The instrument also sets out concessions for workers who were sponsored on a 482 TSS visa and were stood down, or had their hours reduced during the pandemic. Normally workers in these circumstances would not meet the criteria for the 186 visa under the TRT Stream, but under the transitional arrangements prescribed in the Instrument, they might.
Overall, if you meet the eligibility criteria and have an Australian employer willing to sponsor you, a Subclass 186 visa may be a good option for you to live and work in Australia on a permanent basis. Consider the Transitional Arrangements and don’t discard the possibility of applying even if you at first believe you don’t qualify.
While we acknowledge that the concessions may cease to be available in 2024, we still hold a hopeful perspective that these arrangements might be extended in the future, especially with a new government in power. This could result in more people benefiting from the opportunity, particularly if labor shortages persist in Australia. We will monitor the situation closely and report on any new developments as they arise.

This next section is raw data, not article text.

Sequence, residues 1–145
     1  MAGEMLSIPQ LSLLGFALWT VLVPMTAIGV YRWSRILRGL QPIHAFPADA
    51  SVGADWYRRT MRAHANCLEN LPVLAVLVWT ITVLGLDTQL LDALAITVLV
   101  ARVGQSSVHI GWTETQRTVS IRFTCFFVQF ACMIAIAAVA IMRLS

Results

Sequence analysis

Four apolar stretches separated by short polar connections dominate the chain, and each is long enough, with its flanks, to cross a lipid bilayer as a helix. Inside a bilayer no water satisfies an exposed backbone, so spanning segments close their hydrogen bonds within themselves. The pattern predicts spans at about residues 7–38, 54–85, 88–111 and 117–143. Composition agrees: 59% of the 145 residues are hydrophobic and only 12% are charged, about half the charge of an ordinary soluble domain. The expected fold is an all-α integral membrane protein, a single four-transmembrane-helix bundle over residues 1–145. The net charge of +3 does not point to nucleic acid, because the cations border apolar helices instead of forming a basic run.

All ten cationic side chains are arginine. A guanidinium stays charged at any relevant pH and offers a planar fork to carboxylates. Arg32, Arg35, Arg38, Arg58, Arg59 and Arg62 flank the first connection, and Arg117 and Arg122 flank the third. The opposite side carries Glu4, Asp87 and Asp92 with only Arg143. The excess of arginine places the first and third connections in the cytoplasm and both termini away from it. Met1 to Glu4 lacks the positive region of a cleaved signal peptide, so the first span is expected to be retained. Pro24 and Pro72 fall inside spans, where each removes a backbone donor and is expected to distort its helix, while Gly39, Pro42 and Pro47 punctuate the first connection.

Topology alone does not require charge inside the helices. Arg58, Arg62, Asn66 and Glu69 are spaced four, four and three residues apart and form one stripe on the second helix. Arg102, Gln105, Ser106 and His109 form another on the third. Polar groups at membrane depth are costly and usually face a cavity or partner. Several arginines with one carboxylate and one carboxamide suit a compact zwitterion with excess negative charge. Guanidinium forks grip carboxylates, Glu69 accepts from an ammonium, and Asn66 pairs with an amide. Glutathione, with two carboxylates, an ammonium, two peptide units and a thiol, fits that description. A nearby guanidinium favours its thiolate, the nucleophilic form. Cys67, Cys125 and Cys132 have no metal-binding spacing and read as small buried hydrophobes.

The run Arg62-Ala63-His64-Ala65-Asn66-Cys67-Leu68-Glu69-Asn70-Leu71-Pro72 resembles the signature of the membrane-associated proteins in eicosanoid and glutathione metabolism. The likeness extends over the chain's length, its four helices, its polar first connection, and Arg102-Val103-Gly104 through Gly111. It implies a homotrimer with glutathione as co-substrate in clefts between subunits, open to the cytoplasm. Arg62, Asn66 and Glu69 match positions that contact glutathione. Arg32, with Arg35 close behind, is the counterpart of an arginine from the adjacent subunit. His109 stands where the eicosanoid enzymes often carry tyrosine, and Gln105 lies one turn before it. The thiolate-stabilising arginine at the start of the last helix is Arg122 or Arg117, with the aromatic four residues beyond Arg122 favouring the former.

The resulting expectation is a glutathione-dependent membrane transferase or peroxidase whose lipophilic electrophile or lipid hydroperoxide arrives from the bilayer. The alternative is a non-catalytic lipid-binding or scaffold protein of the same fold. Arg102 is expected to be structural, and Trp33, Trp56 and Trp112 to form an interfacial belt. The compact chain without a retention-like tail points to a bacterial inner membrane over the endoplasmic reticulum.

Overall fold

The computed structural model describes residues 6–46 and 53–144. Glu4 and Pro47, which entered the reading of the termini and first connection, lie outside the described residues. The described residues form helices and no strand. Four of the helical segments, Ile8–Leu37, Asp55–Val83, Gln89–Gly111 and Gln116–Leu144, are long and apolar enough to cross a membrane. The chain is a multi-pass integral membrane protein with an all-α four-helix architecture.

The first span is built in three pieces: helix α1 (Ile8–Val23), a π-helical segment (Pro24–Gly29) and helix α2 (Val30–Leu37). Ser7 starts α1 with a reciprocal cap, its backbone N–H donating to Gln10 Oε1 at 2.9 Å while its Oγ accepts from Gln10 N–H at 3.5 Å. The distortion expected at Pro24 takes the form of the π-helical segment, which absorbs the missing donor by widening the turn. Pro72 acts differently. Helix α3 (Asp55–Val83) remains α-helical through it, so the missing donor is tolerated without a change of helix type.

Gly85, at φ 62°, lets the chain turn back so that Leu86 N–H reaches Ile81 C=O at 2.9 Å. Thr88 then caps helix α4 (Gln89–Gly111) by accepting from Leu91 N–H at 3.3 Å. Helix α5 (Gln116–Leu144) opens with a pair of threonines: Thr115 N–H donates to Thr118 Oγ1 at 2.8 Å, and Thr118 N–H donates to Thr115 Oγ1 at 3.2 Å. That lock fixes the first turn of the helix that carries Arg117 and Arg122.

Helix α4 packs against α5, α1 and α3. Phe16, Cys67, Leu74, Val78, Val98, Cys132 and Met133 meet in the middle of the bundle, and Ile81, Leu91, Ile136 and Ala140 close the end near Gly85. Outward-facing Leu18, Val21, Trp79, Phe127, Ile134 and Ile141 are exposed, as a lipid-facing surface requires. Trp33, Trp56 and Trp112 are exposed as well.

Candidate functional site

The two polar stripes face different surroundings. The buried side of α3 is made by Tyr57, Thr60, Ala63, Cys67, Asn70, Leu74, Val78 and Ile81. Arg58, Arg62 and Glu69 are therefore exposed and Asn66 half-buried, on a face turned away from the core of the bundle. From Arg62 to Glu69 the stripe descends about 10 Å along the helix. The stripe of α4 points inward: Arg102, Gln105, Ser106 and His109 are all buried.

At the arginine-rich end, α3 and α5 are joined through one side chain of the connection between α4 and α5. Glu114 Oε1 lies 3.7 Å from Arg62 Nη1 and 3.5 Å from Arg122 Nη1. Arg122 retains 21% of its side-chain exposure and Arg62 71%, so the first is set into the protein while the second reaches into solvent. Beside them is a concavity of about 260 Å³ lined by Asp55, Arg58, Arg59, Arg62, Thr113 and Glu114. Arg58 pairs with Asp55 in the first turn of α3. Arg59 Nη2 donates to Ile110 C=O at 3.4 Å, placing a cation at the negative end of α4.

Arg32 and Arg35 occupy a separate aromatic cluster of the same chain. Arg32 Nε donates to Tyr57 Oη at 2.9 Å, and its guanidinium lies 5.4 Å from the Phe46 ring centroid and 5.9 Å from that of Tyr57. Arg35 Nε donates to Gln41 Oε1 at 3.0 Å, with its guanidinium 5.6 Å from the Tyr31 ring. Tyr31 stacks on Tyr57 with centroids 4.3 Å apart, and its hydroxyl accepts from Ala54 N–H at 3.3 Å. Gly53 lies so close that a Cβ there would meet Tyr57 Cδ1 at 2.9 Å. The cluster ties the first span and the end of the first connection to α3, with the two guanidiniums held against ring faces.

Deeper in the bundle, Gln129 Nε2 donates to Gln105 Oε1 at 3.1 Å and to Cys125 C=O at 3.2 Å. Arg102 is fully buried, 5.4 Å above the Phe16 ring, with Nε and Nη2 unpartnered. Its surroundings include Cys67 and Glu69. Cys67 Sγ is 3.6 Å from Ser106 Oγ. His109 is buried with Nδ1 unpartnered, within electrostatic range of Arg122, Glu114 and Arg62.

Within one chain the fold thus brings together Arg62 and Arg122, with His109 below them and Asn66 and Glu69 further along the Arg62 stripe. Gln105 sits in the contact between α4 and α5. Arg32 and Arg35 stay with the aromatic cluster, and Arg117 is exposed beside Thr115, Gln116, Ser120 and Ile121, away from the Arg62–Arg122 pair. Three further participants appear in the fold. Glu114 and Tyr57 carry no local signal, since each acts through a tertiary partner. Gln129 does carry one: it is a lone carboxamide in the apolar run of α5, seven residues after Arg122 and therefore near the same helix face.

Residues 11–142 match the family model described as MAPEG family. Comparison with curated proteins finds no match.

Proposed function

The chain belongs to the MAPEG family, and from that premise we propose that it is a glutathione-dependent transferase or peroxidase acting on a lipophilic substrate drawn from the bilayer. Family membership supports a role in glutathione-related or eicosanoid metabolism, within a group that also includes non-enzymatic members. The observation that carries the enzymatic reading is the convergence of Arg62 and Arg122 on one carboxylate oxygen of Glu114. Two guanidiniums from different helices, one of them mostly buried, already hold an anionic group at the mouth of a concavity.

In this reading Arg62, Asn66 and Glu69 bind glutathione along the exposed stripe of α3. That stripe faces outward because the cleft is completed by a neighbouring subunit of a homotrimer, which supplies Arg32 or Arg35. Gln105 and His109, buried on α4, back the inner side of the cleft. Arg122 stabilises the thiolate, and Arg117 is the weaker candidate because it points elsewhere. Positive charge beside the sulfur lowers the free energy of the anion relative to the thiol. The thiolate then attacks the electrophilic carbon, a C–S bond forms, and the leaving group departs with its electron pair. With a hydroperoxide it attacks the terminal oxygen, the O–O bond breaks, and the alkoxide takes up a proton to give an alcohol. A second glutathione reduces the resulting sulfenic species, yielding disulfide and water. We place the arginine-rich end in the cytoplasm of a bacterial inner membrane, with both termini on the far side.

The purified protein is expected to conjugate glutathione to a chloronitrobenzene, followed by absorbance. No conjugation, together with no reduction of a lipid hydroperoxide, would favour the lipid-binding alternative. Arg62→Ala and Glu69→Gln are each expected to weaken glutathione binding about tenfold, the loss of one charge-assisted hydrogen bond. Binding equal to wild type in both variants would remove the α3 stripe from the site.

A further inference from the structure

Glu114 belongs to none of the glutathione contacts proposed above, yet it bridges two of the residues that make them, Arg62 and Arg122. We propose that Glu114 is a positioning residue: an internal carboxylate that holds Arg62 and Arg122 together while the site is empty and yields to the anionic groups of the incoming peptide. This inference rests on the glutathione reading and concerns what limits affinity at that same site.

We hope this helps you understand your chances in applying for a 186 visa in Australia, but nothing beats personalized consultation with a Registered Migration professional and, we obviously would love it if you chose Bravo Migration for yours.
And don’t forget: If have a Job Offer from an Australian employer, you qualify for a Free Assessment where we will identify if you are eligible for the 186 visa. No obligations!
Send us an email on firstname.lastname@example.org
Thanks for reading!